House and Senate Republicans are expected today to roll out their $1.5 trillion tax plan, which they say will stimulate the economy and create jobs.
But Democrats, who say the bill is a giveaway to corporations and the wealthiest Americans, want the vote to be delayed until Doug Jones, who was recently elected to the Senate in Alabama, is officially seated.
Sen. Elizabeth Warren is leading the charge and told WBUR Thursday that with Republicans on the verge of passing a sweeping overhaul of the federal tax system, it's only fair that Alabama's newest senator gets a chance to vote.
"You know, when we're in the middle of a big policy debate like this one on taxes that is going to touch every person in America, I kind of think all the senators here ought to be the ones who are already elected," she said.
She pointed to 2010, when Republican Scott Brown won a special Senate election here in Massachusetts to fill the seat of the late Ted Kennedy. Back then, Democrats, who controlled Congress and the White House, were trying to pass the Affordable Care Act. But when Brown won, Democratic leaders decided not to rush a vote.
And Republicans then made the same argument.
"The people of Massachusetts had an opportunity to speak yesterday, and they spoke rather loudly," said Mitch McConnell back in 2010, when he was Senate minority leader, talking about Scott Brown's victory and the pending vote on the Affordable Care Act.
"One concern I know a number of you had about the outcome of this election was whether the new senator would be seated soon. I'm convinced now that no gamesmanship will be played by the other side with regard to future votes in the Senate," said McConnell in 2010.
But now, Republicans seem OK with that kind of "gamesmanship" — and plan to vote on the tax bill without Jones. Ron Kaufman, a Republican Party Committee member from Massachusetts, says there's good reason for that.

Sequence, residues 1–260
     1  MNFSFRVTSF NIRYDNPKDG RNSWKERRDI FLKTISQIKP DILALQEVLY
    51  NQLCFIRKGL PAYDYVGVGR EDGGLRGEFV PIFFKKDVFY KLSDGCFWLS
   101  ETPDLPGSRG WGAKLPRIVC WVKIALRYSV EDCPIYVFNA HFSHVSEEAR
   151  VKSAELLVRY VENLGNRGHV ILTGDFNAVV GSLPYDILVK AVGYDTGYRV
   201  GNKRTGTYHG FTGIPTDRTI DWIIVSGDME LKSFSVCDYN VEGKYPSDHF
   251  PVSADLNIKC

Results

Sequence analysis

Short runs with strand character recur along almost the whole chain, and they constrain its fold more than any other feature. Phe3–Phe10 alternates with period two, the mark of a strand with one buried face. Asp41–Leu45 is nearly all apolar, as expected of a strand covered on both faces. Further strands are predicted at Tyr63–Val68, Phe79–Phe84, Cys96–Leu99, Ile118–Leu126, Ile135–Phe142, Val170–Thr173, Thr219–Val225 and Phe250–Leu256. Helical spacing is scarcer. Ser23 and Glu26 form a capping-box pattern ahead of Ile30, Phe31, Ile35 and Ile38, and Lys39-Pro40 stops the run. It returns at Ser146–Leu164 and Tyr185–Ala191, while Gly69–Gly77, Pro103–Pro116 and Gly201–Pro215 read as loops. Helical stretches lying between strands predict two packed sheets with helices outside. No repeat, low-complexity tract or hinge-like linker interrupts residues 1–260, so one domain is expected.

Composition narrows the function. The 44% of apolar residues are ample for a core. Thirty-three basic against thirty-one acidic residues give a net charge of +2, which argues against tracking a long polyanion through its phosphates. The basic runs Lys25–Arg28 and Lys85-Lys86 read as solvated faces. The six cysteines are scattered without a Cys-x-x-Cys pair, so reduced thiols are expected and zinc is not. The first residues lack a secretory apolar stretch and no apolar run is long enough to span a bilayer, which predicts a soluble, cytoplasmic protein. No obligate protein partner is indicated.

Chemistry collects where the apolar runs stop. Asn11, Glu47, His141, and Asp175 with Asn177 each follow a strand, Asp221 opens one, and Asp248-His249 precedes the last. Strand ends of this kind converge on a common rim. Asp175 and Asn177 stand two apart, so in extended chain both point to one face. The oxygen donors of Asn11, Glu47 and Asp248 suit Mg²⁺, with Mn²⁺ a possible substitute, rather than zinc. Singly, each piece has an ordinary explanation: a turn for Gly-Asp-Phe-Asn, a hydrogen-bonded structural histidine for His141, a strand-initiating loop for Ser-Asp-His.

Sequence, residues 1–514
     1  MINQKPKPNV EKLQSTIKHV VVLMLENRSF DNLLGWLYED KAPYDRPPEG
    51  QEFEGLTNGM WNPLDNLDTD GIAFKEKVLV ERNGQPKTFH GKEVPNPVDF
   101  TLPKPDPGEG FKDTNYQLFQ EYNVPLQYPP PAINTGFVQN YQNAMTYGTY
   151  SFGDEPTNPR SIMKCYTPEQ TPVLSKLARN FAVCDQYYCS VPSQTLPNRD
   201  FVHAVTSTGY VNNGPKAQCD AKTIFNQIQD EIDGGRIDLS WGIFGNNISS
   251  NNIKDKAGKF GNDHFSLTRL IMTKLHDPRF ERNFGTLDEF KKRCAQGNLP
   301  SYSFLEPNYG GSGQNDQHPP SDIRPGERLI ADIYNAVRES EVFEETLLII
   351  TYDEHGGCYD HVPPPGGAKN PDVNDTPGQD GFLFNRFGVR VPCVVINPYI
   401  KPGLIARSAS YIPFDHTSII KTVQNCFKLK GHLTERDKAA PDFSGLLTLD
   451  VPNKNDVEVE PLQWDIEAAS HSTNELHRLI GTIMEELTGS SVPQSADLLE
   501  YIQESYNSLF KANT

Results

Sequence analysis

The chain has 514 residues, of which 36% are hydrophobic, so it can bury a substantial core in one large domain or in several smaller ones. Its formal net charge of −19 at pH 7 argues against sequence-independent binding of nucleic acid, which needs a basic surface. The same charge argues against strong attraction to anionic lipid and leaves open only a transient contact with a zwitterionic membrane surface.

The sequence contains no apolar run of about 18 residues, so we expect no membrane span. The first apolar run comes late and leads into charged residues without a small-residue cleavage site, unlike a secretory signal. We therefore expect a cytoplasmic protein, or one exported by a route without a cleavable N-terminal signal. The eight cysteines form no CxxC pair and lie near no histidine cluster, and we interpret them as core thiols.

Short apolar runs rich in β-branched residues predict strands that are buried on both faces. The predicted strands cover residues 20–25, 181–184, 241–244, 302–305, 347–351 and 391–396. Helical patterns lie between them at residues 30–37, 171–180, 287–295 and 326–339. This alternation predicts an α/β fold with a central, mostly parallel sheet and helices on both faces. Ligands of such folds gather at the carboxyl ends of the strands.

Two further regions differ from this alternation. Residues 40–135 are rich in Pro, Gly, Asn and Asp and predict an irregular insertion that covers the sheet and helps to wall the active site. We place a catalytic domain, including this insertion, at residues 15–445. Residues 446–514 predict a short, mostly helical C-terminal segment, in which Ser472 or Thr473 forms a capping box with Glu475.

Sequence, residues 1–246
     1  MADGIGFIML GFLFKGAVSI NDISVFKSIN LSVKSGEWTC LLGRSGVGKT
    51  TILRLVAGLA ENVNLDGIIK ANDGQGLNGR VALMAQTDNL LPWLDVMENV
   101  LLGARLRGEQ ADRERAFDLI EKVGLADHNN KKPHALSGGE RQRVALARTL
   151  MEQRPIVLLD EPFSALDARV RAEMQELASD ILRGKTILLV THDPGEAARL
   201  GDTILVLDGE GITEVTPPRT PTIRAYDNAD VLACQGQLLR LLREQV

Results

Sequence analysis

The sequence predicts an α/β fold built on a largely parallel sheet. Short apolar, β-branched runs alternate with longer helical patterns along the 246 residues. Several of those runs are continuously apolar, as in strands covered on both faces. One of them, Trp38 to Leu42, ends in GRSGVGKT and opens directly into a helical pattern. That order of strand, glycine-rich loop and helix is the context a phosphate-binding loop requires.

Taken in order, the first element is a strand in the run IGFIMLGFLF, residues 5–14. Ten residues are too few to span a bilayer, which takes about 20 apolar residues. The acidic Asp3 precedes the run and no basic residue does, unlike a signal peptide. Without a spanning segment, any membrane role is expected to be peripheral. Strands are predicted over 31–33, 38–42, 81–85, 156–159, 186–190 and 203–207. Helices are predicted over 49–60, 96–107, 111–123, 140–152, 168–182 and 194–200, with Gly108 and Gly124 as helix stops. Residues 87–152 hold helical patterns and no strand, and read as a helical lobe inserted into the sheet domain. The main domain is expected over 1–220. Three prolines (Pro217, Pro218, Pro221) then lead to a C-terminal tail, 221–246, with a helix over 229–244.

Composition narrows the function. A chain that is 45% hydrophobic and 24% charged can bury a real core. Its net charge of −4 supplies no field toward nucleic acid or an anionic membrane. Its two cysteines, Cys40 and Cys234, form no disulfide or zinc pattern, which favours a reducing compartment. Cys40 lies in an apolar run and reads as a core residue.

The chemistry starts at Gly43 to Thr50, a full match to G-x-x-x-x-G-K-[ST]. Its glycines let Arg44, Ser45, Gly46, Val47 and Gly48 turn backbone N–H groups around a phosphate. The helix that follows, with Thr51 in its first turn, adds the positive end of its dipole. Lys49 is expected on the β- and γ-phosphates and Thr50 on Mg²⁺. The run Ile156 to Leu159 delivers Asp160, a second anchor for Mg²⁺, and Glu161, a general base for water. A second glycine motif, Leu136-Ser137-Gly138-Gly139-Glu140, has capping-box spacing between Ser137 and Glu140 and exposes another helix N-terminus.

"First and foremost, he can't be sworn in today if he wanted to be, because they haven't certified the election, and that won't be done until something like the 27th of December," he said.
The Alabama Secretary of State says it will take until after Christmas, maybe until after New Years to certify this week's election. And Republicans say given how long they've worked on the tax bill, they want to get it done.
Warren does not buy this argument.
"Come on! Give me a break — how long they've been working on this bill?" she said.
She said this "gamesmanship" is designed to rush a tax bill to the president's desk before it can be scrutinized too closely.
But Jeff Diehl, the Republican state Rep who is hoping to challenge Warren next year has a different view.
"Sounds to me more like Elizabeth Warren is trying to obstruct at all costs Congress's plan to provide more jobs and increased wages for the middle class, so, it seems like it's more politics as usual from the senator's office," he said.
The politics on both sides are easy to understand. Democrats will continue to push for a delay, not only to give time for Doug Jones to be seated in the Senate, but also to give them more time to raise objections about the Republican tax plan. Senate Republicans understand that waiting for Jones would only reduce their razor thin majority — along with their chances of passing an already unpopular tax bill.
This segment aired on December 15, 2017.